This eye-opening exposé, the result of fifteen years of investigative work, uncovers the CIA's systematic efforts to suppress and censor information over several decades. An award-winning journalist, Angus Mackenzie waged and won a lawsuit against the CIA under the Freedom of Information Act and became a leading expert on questions concerning government censorship and domestic spying. In Secrets, he reveals how federal agencies--including the Department of Defense, the executive branch, and the CIA--have monitored and controlled public access to information. Mackenzie lays bare the behind-the-scenes evolution of a policy of suppression, repression, spying, and harassment.
Secrecy operations originated during the Cold War as the CIA instituted programs of domestic surveillance and agent provocateur activities. As antiwar newspapers flourished, the CIA set up an "underground newspaper" desk devoted, as Mackenzie reports, to various counterintelligence activities--from infiltrating organizations to setting up CIA-front student groups. Mackenzie also tracks the policy of requiring secrecy contracts for all federal employees who have contact with sensitive information, insuring governmental review of all their writings after leaving government employ.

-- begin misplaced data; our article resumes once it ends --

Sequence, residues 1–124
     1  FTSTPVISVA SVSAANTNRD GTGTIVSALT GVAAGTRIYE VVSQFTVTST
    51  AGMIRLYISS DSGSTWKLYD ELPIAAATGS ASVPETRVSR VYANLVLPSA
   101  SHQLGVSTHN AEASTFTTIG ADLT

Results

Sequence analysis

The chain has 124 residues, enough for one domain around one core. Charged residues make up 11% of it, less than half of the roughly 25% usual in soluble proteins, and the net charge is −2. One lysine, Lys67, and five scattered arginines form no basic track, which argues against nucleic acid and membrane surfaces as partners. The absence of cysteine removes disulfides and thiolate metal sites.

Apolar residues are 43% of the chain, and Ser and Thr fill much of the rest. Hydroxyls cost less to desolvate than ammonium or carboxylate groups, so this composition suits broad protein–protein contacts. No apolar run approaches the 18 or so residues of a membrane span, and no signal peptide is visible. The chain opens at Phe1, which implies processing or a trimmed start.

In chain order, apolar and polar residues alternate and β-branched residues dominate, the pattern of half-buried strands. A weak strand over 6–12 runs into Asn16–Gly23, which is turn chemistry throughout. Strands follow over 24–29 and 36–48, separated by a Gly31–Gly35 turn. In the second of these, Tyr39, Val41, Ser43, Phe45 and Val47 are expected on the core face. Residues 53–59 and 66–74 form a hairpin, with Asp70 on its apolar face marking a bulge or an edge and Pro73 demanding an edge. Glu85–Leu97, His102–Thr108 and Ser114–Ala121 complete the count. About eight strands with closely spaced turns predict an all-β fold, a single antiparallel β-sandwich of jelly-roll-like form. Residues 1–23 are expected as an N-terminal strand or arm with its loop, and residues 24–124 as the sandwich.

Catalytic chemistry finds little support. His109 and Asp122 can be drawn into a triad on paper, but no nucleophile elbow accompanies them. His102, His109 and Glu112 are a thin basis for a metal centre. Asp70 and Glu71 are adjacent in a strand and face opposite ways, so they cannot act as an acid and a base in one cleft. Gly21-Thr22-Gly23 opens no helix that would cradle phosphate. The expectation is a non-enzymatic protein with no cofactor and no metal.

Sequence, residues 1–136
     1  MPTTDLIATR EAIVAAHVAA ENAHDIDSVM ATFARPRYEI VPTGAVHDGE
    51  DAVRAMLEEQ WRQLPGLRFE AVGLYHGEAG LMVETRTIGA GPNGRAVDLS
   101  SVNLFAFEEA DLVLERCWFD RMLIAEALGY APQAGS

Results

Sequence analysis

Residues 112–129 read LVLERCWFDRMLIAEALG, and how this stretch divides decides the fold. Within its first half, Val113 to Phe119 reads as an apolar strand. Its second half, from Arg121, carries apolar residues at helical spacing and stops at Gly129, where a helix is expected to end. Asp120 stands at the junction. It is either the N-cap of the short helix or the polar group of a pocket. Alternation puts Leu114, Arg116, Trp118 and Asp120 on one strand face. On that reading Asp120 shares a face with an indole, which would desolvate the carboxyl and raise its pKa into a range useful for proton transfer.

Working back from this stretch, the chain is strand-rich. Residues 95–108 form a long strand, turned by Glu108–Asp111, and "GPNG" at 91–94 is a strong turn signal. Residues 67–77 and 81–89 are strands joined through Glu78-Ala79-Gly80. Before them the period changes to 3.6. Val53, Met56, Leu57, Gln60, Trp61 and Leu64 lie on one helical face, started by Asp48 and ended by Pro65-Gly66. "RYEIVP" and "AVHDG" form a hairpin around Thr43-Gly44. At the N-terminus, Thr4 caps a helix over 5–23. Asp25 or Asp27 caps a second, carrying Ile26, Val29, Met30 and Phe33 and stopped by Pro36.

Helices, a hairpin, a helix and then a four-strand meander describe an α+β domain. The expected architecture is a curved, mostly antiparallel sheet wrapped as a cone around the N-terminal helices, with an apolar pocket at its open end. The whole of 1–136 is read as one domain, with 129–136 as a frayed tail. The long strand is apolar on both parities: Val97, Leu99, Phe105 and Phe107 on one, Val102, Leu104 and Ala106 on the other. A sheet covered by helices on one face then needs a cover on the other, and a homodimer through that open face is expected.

Drawing from government documents and scores of interviews, many of which required intense persistence and investigative guesswork to obtain, and amassing story after story of CIA malfeasance, Mackenzie gives us the best account we have of the government's present security apparatus. This is a must-read book for anyone interested in the inside secrets of government spying, censorship, and the abrogation of First Amendment rights.